'It’s very hard to say ‘I need food’'
An ad-hoc food bank at the Boyle Family Resource centre has seen a surge in demand from local families and beyond
Volunteers Deborah Rodden, Christine Murphy, Sandra Taylor, Emer Curran and Damien Fagan at the food bank in Boyle. Photograph: Brian Farrell
November is Food Month in The Irish Times. You will find food-related content in all of our sections, plus reader events, competitions and lots of exclusive content at irishtimes.com/food
It’s a Wednesday afternoon in late October, in Boyle, Co Roscommon, and I’m being shown a frozen birthday cake. It’s a pretty cake with pink icing. “We have been keeping this for when we get a family who has a birthday coming up,” explains Louise Moran, handling the box carefully, and gently putting it back into the freezer again.
Moran is the manager of Boyle’s Family Resource Centre, which has been serving the local community for 30 years. The town recorded a population of 2,588 in Census 2016. The centre, which is in a lovely period building, is on the edge of the town. There are a number of services on offer, ranging from parenting and bereavement support to basic first aid, English classes and computer skills. There’s a drop-in library, which is housed in a beautiful room, with comfortable sofas and armchairs, William Morris-patterned curtains, and salt crystal lamps that glow warmly in the dim October light.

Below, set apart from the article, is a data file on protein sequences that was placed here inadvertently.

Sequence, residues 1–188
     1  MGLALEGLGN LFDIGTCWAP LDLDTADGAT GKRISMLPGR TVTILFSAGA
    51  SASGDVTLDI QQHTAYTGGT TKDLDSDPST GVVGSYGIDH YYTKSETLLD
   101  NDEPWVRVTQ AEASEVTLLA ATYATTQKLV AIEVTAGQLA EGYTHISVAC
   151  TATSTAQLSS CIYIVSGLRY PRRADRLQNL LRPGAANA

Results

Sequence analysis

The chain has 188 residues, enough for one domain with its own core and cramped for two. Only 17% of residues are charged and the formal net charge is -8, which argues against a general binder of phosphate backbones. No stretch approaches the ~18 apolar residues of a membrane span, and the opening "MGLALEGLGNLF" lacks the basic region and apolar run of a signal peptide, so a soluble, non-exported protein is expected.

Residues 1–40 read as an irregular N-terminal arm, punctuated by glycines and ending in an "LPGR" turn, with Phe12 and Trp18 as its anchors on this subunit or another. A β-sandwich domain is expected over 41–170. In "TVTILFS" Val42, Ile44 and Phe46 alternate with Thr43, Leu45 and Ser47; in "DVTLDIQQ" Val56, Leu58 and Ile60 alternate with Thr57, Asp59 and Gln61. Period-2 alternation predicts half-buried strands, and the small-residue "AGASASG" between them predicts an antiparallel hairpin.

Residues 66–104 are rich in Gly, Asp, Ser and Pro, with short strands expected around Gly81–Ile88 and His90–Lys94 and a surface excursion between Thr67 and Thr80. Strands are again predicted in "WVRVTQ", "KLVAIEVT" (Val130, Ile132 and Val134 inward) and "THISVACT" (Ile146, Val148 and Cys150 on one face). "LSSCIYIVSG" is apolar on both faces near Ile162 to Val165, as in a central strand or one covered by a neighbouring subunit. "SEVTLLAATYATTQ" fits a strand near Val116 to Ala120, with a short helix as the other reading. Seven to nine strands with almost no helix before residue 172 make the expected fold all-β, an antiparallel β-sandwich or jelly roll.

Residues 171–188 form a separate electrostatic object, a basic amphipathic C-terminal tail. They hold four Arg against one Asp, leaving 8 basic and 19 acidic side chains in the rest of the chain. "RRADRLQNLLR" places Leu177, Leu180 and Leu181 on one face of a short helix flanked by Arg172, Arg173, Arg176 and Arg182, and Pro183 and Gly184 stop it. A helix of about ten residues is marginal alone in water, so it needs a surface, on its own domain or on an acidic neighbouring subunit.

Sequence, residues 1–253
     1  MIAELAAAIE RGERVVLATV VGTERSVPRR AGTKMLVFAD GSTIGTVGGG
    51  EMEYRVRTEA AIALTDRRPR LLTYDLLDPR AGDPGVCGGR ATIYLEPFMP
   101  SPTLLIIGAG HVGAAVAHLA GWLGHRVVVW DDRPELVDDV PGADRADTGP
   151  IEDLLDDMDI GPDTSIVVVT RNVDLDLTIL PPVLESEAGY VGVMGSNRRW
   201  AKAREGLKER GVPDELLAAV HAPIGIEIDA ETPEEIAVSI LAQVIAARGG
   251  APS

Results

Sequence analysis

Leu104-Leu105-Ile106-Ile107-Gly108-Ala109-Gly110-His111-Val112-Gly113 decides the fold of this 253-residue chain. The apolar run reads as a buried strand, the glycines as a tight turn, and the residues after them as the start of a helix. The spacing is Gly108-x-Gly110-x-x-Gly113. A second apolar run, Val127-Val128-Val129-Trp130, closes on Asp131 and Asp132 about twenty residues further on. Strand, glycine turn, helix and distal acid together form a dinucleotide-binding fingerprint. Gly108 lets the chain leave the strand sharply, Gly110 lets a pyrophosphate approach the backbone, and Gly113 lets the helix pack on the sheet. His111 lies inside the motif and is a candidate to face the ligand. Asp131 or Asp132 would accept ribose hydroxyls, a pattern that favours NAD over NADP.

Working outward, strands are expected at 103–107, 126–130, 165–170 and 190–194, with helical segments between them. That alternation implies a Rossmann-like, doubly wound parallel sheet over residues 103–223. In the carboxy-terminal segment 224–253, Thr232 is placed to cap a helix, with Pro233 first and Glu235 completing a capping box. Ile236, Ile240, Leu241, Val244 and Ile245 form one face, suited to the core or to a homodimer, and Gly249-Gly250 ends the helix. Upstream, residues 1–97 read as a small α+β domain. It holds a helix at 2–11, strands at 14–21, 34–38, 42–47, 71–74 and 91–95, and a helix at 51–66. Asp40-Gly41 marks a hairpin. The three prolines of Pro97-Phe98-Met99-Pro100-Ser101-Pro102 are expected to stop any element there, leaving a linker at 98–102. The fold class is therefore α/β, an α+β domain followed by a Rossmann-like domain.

But it’s not first aid or English classes or computer skills that members of the public have been coming to the centre for on Wednesday and Thursday afternoons during the last couple of months. From as far away as Castlerea and Carrick on Shannon, people have been quietly presenting at the back door with shopping bags to avail of the ad-hoc food bank that has been operating since late August.